- Expanding the scope for the spending for Corporate Social Responsibility (CSR) activities, Indian companies can spend on incubators funded by central or state governments or any agency or Public Sector Undertaking of central or state governments. Further, it shall also cover contributions to public funded universities, IITs, National Laboratories and Autonomous Bodies (established under the auspices of government institutions such as ICAR, ICMR, CSIR, DAE, DRDO, DST, Ministry of Electronics and Information Technology) engaged in conducting research in science, technology, engineering and medicine aimed at promoting Sustainable Development Goals (SDGs).
The Press Note mentions that the total revenue foregone for the reduction in corporate tax rate and other relief is estimated at Rs. 1,45,000 crore, the working of which may be shared along with issue of the Ordinance.
This is only a Press Release and so the Ordinance will need to be looked into for the actual amendments in the respective sections of the Acts.
New companies in manufacturing sector will get the benefits of lower rate of tax subject to them not claiming incentives / exemptions. Incentives and exemptions that they would not claim should be similar to those excluded presently for domestic companies under section 115BA (c) of the Act, like deduction for depreciation, specified capital expenditure etc.
Grandfathering of buyback of shares by listed companies is a welcome move as otherwise the companies would have a higher outflow than what was approved by the Board of Directors and the shareholders and in some instances securities transaction tax was also paid during the transition period from the issue of the Finance (No.2) Bill 2019 and its enactment. However, some challenges in implementation of income distribution tax for listed companies on buy back remain, such as:
- Computation of income on buy back for the purpose of levy of income distribution tax. Rule 40BB of the Income-tax Rules, 1962 was issued for the calculation of income in the case of unlisted shares. Presently it should apply for listed shares also unless there is an amendment to the same or a new rule is issued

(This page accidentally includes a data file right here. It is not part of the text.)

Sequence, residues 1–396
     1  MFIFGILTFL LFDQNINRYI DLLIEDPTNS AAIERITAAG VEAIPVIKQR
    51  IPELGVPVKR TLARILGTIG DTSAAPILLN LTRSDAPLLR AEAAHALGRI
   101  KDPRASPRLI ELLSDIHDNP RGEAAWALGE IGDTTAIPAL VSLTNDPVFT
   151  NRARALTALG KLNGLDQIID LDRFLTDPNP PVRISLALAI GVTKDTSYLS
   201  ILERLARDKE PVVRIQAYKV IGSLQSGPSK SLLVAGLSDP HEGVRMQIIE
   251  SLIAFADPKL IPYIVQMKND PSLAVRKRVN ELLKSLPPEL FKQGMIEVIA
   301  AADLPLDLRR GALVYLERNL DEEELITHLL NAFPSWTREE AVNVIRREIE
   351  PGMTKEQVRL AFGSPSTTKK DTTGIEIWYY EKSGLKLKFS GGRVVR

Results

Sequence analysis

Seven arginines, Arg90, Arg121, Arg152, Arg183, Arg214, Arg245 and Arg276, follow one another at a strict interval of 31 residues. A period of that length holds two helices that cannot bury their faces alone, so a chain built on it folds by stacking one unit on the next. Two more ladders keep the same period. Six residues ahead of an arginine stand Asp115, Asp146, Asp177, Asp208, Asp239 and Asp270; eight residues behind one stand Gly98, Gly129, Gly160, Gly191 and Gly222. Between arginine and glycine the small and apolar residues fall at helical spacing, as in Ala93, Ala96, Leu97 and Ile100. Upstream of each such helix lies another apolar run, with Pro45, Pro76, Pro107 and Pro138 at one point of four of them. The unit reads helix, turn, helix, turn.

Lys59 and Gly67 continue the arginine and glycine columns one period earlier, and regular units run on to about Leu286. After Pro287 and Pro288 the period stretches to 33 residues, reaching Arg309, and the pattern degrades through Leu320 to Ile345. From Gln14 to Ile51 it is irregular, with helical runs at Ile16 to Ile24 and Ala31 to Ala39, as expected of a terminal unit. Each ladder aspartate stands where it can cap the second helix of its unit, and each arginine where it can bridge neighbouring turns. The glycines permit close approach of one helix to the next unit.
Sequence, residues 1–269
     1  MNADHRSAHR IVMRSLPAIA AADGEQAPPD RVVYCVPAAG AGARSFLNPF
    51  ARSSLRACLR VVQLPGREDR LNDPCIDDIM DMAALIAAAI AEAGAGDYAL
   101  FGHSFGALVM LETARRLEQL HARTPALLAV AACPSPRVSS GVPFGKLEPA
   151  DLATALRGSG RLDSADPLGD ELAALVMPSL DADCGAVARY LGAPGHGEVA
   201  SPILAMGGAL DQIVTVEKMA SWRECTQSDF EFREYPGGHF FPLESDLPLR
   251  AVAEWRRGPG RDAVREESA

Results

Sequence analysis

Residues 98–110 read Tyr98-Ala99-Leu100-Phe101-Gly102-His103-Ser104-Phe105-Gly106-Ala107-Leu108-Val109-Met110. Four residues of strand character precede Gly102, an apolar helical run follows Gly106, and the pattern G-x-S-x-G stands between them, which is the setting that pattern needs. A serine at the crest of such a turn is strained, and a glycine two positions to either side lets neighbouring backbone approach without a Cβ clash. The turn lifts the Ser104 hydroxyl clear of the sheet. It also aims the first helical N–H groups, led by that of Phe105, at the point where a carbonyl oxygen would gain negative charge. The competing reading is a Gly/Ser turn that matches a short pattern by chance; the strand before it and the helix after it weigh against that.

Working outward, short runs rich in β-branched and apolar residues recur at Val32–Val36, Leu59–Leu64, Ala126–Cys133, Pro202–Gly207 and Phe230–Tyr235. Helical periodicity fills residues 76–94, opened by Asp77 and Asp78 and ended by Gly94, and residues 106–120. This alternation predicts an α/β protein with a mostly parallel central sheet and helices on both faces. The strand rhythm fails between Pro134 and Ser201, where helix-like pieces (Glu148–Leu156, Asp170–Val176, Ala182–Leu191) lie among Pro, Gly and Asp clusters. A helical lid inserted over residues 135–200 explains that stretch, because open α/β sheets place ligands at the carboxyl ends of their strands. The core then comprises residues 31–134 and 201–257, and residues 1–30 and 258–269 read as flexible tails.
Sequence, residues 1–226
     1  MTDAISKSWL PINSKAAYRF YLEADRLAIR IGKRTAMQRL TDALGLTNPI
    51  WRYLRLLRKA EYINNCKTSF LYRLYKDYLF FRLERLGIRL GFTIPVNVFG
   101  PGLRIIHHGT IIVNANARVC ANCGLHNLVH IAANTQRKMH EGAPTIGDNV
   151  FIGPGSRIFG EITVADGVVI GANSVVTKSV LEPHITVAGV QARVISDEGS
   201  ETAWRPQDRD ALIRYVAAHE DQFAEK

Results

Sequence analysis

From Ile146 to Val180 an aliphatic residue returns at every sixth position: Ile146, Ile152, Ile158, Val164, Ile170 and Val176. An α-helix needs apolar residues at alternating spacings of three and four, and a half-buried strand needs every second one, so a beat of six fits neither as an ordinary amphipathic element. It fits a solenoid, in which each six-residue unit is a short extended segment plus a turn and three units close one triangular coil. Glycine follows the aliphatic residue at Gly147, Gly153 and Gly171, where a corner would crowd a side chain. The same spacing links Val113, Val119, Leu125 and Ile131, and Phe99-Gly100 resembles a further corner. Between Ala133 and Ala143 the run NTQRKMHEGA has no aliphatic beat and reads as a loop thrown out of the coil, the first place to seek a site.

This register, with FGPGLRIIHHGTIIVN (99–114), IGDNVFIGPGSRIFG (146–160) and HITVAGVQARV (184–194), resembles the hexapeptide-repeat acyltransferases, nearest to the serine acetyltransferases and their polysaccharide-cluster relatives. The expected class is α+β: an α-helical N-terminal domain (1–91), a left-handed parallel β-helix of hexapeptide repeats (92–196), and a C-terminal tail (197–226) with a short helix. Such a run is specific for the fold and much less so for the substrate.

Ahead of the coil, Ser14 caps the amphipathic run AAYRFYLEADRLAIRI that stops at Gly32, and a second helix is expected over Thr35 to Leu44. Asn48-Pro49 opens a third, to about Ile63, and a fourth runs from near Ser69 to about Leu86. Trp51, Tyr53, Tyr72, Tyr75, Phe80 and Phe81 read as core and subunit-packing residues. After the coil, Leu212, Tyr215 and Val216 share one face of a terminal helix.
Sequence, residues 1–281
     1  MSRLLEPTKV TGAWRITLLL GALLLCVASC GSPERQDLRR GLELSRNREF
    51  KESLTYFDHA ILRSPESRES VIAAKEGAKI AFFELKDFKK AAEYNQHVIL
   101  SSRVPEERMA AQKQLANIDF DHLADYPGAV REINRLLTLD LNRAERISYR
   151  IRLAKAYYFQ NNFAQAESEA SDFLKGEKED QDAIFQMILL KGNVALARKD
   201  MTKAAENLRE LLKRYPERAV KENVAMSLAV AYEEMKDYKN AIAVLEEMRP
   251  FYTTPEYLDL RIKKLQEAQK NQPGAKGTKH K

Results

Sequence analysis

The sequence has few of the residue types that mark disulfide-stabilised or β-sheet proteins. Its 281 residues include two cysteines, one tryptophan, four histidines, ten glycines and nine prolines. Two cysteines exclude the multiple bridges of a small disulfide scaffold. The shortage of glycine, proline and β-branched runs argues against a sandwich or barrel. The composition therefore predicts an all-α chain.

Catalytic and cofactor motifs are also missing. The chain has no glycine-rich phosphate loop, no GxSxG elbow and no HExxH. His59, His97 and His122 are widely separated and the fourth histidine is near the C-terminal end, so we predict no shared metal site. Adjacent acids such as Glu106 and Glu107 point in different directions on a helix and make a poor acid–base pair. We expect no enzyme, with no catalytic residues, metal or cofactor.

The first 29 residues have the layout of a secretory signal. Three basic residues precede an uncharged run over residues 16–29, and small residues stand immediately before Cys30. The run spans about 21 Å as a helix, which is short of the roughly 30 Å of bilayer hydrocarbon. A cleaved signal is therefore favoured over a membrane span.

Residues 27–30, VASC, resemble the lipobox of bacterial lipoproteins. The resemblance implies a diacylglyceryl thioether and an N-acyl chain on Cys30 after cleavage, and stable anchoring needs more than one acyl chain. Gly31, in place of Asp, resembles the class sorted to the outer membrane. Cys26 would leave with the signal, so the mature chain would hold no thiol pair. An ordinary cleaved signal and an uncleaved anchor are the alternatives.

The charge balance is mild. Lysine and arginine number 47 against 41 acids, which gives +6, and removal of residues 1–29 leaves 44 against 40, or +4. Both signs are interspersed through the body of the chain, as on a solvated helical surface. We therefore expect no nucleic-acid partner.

- In case of listed companies the cost of acquisition could be different from the price at which the shares have been issued by the company
- Can foreign shareholders claim credit for income distribution tax in their home countries?
With the intent to stabilise the flow of the funds into capital markets, the Ministry of Finance had issued two Press Release on 23rd and 24th August for roll back of enhanced surcharge on tax on specified capital gains. Now the Ordinance is proposing a complete rollback of enhanced surcharge on all capital gains arising on sale of all securities in case of non-corporate FPIs, so even capital gains arising on debt securities and units of debt mutual funds, are covered in case of FPIs. So the enhanced surcharge should now apply on other income, mainly interest income in case of FPI.
It appears that surcharge rate on tax payable by Corporates is also being changed to 10 percent instead of the current dual 7 percent or 12 percent rate in light of the effective tax rates mentioned above. The provision in the Ordinance will provide more clarity.
The institutions now covered for CSR spends should hopefully be included either in section 35AC or section 80G or section 80GGA of the Act for companies to claim deduction for such spends.